|System: DS||Review Rating Legend|
|Dev: Backbone||1.0 - 1.9 = Avoid||4.0 - 4.4 = Great|
|Pub: Konami||2.0 - 2.4 = Poor||4.5 - 4.9 = Must Buy|
|Release: May 22, 2007||2.5 - 2.9 = Average||5.0 = The Best|
|Players: 1-4||3.0 - 3.4 = Fair|
|ESRB Rating: Everyone 10+||3.5 - 3.9 = Good|
by Maria Montoro
June 19, 2007 - As appealing as Death Jr. and the other characters may be, Death Jr. and the Science Fair of Doom is just a mere, unsuccessful attempt to transport the theme to the DS. It wasn't a top of the line game for the PSP, and making a DS version turned out to be a downgrade, in spite of the higher expectations I had and the promising use of the stylus which, by the way, can be replaced with the awesome scythe stylus that comes with the game.
Death Jr. is the son of the Grim Reaper, the death itself. He goes to an awkward school of "special" kids like him. You'll have the pleasure of meeting all sorts of creatures that you'll find wandering around the school: there is, among others, Pandora - his ghostly girlfriend, the conjoined twins Smith and Wesson, and the international student who lives in an icky, juicy, glass container. This time around DJ and his friends participate in the Science Fair with original and grotesque projects that will later be rated by the teachers. The twins present a bizarre-looking rabbit with stitched demon parts that will give nothing but trouble. That's the first boss battle you'll be facing, and it's not pretty; the poor creature feels so sick it's going to puke!
Pandora is DJ's best friend, and maybe more than that. When the whole school goes crazy and DJ's friends disappear, Pandora will go along and help DJ on the quest. You can switch to Pandora anytime by taping the spiral-looking icon, although you'll only be able to use her a few seconds at a time. She'll provide you with some abilities that DJ just can't do, plus she carries around up to three colored souls that you'll pick up after beating enemies.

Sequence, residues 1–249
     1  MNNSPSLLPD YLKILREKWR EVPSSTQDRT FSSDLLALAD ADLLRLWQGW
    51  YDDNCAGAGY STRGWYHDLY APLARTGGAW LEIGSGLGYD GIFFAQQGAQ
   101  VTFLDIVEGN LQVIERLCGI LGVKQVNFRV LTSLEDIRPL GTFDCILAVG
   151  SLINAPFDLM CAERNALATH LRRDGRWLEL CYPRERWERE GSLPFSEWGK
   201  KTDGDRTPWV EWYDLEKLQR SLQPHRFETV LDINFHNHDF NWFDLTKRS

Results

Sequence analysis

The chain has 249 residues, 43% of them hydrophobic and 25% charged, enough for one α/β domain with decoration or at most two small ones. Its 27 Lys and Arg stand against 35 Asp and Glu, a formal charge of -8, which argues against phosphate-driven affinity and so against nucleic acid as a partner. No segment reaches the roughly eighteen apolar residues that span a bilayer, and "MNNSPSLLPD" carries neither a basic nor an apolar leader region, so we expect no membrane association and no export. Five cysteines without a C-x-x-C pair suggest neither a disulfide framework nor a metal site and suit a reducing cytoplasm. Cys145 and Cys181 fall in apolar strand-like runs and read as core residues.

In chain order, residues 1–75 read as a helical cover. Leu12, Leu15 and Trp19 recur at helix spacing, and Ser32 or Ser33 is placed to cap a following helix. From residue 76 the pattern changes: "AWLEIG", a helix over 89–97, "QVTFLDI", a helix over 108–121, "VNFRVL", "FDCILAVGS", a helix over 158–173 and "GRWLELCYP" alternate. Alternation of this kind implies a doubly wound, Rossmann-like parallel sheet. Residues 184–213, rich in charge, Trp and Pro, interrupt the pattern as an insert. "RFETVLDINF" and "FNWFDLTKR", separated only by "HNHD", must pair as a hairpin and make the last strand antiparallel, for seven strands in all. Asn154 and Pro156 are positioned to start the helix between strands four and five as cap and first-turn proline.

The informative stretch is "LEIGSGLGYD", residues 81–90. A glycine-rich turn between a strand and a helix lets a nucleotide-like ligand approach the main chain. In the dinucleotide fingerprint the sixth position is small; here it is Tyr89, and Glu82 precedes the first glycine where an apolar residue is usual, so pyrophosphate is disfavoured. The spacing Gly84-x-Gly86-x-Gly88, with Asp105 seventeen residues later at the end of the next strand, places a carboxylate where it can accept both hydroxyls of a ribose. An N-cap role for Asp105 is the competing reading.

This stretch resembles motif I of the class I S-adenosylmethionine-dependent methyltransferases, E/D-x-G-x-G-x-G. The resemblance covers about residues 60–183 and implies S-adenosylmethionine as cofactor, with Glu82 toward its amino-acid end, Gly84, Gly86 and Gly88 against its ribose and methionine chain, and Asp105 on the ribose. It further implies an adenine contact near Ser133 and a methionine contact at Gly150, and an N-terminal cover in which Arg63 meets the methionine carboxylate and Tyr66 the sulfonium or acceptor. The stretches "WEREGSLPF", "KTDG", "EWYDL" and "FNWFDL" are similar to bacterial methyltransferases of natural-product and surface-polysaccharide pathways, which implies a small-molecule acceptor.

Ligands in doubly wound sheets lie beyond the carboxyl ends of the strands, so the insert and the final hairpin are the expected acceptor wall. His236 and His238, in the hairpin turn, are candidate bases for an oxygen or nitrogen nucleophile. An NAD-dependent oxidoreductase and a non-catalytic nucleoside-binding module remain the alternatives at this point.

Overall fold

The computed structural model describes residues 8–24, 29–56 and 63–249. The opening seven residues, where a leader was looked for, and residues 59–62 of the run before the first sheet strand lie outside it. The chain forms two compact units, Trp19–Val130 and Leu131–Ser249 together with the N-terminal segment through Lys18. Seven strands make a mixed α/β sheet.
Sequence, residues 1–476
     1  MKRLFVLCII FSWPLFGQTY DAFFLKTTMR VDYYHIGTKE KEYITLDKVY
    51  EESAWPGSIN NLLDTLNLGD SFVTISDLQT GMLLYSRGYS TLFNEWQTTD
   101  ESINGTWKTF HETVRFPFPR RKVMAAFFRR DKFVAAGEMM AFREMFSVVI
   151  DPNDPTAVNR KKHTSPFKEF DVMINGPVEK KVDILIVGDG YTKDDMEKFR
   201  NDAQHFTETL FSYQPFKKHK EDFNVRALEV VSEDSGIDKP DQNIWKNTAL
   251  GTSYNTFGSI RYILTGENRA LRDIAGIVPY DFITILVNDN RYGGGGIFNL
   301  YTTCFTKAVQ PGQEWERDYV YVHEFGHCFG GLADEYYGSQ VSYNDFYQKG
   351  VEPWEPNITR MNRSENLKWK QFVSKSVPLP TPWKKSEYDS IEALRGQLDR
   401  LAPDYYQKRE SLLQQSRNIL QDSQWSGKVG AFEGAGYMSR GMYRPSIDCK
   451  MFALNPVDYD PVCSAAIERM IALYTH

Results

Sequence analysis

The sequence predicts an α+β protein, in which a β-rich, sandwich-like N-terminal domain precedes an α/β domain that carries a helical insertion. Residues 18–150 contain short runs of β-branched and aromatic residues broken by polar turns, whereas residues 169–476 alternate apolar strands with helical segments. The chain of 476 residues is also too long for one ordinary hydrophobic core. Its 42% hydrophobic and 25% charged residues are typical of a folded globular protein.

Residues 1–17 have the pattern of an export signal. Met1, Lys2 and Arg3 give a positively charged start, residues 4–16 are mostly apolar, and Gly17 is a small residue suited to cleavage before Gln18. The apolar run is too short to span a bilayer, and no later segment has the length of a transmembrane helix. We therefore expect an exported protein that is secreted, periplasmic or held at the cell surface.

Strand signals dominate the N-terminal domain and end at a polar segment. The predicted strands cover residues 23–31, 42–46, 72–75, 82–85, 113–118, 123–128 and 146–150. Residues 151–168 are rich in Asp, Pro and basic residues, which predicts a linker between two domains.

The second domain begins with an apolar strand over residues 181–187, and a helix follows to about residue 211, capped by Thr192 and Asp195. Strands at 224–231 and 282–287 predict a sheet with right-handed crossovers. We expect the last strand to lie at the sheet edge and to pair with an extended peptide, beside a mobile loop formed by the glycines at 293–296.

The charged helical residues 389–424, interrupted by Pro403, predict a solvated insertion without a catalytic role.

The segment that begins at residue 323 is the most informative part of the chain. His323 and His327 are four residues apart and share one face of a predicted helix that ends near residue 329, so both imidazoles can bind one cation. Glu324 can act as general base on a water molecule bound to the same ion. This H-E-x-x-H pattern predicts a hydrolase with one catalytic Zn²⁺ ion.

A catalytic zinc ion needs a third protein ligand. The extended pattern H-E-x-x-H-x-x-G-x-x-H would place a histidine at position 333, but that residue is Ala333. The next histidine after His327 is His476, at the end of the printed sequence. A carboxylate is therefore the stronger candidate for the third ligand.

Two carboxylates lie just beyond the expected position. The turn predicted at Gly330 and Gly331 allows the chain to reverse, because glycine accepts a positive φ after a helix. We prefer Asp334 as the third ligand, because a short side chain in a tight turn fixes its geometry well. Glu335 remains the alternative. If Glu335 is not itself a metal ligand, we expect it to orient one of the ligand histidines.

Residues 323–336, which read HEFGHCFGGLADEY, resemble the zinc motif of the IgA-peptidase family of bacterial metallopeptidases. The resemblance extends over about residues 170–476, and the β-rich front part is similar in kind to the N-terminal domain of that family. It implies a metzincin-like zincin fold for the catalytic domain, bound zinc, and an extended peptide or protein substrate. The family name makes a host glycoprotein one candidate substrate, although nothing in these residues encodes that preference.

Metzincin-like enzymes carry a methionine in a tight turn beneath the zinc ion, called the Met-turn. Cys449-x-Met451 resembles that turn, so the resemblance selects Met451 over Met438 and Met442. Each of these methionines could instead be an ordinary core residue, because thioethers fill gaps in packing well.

Even though there are some funny moments and comments, you won't really find this game that humorous. It could have used a bit more of that to make the game more engaging and alluring. The bland story doesn't do much for the game, and the poor quality controls basically destroyed it. I can't believe a game that I was so ready to like, ended up disappointing me in so many different ways. I can't put my finger on what fails here; maybe it needed a better story or nicer graphics, maybe more accurate and likable controls, or maybe it just needed a bigger screen, avoiding portable gameplay. I think, most likely, it just needed all of it. You really have to like Death Jr. to be able to enjoy this game; otherwise you will just put it, as I did, in the "mediocre" pile.
Like the PSP iterations, Death Jr. and the Science Fair of Doom is a platforming game. You'll see what's happening on the lower screen, while the top screen will show you what time it is, what weapon you're using at that time, and little more. You'll control DJ as you would in most portable platforming games, with the D-pad. You'll jump with B and attack with A. You will have the scythe most of the time, but you'll be able to pick up other weapons along the way, like the pistols and the shotgun. Those weapons have limited ammo, so it will be your responsibility to find more as well. Later in the game you can attack with C4 rats as well. With different button combinations, you'll perform varied combo attacks, hover in the air for a few seconds, etc. Not all of the attacks are very effective, mainly because the controls are not accurate enough to guarantee good execution. There is one you can execute by jumping and then pressing A which will be the one you'll use the most. You'll just drop down hard against the floor and slash the enemy (or the air, if you didn't target correctly) with the scythe; that is quite a hit, if you do it right.